Kenya Pipeline Company (KPC) projects that its revenues for the year to next June and the 2020/21 financial year will fall Sh19 billion following the cuts in pipeline tariffs.
Appearing before the National Assembly committee on Energy, the KPC board led by the chairman John Ngumi said the new tariffs will cut the State utility’s bottom-line by Sh6 billion in the year to June and a further Sh13 billion in the 2020/21 period.
The forecast comes as KPC tussles with Energy and Petroleum Regulatory Authority (EPRA) after the regulator cut the tariffs by more than 50 percent, saying this will not hurt Pipeline’s revenues.
EPRA set the rate at Sh3,089 ($30.89) per 1,000 litres of transit fuel from the Sh6,000 ($60) for the same volume in the new tariffs announced last month.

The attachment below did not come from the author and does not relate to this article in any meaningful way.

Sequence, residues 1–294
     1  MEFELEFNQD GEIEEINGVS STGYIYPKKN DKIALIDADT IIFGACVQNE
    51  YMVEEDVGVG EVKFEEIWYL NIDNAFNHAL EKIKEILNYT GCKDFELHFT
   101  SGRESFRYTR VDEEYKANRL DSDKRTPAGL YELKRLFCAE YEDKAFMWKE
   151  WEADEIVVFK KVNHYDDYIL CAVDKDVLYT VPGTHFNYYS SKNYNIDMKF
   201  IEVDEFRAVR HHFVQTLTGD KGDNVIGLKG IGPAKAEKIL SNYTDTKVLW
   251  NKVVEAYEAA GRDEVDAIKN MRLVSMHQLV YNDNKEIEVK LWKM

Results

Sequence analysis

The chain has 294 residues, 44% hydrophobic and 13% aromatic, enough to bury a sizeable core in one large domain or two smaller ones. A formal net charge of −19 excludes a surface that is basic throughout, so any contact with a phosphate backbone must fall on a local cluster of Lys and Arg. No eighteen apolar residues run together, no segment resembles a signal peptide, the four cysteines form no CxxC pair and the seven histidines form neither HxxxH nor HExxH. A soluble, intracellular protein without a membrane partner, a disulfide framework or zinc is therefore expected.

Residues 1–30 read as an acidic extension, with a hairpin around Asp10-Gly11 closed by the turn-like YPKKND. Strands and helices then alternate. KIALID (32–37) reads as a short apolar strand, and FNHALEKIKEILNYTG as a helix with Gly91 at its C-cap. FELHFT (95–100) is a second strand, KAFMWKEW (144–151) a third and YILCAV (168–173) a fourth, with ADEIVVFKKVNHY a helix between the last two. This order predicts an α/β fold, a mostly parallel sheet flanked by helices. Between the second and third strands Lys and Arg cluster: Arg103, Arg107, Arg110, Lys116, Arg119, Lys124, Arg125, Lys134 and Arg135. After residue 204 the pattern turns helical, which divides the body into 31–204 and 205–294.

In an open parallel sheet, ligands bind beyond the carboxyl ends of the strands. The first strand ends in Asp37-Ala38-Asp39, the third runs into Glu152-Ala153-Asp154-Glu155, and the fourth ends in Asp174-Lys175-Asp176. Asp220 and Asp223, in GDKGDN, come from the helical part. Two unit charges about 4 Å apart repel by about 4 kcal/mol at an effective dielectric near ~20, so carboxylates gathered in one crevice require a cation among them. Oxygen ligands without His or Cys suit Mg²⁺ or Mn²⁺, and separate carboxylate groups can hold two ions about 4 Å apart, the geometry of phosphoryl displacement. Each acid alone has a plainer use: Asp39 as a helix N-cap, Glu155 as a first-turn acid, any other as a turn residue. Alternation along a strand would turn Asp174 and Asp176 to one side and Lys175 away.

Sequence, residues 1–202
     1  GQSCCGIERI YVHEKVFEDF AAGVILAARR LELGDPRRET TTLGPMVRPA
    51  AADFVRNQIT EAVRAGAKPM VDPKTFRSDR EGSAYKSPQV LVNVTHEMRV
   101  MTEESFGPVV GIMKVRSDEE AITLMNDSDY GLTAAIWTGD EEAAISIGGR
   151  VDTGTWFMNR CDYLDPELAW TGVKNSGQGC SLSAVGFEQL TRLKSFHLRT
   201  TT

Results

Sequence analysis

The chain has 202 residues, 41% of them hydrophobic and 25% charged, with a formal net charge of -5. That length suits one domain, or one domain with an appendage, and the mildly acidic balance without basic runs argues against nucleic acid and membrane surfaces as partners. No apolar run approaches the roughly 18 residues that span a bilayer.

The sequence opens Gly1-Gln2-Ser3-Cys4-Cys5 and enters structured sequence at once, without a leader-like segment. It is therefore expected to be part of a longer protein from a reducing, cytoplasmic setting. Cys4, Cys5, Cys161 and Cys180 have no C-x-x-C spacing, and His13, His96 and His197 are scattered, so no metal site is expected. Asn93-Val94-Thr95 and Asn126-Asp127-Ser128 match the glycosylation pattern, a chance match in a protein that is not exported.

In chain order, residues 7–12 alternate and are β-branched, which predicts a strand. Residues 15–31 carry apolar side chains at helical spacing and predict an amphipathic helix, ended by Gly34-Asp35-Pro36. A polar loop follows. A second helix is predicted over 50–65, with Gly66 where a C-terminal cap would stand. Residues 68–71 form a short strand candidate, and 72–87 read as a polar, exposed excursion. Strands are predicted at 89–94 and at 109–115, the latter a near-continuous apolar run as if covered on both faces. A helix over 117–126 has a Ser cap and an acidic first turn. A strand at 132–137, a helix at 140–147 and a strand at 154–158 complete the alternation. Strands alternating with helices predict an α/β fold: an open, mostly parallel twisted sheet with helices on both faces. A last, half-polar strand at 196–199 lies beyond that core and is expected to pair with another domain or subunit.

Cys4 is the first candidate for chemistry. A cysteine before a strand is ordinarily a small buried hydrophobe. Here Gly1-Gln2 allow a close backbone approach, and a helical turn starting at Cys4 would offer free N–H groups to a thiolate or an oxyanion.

The rates will fall to Sh3,065 ($30.65) in 2020 and later to Sh2,907 ($29.07) in 2021.
“We had targeted revenues of Sh28 billion for the financial year 2019/20, but now expect to make Sh22 billion, a visible year end loss,” KPC said in a statement to the energy committee yesterday.
EPRA cut the tariffs to win back importers from landlocked countries to its network who had opted to transport oil through Tanzania due to the high KPC charges.
Mr Ngumi said that KPC was betting on the government to reverse the cuts to forestall the anticipated revenue falls adding this could see it struggle to service its debts and force non-renewal of a leasing deal for storage facilities.
“We have appealed and the government is looking at them (proposals). This is not final,” Mr Ngumi told MPs yesterday.
KPC had proposed tariffs at Sh4,635 per 1,000 litres for the export market and various increases in all the local market tariffs.
Oil marketers pay on average Sh8,000 ($80) to ferry oil from Dar es Salaam on trucks but pay Sh6,000 ($60) tariff on pipeline to Kisumu and a further Sh3,500 ($35) to truck the product to Uganda, Rwanda and northern Tanzania.
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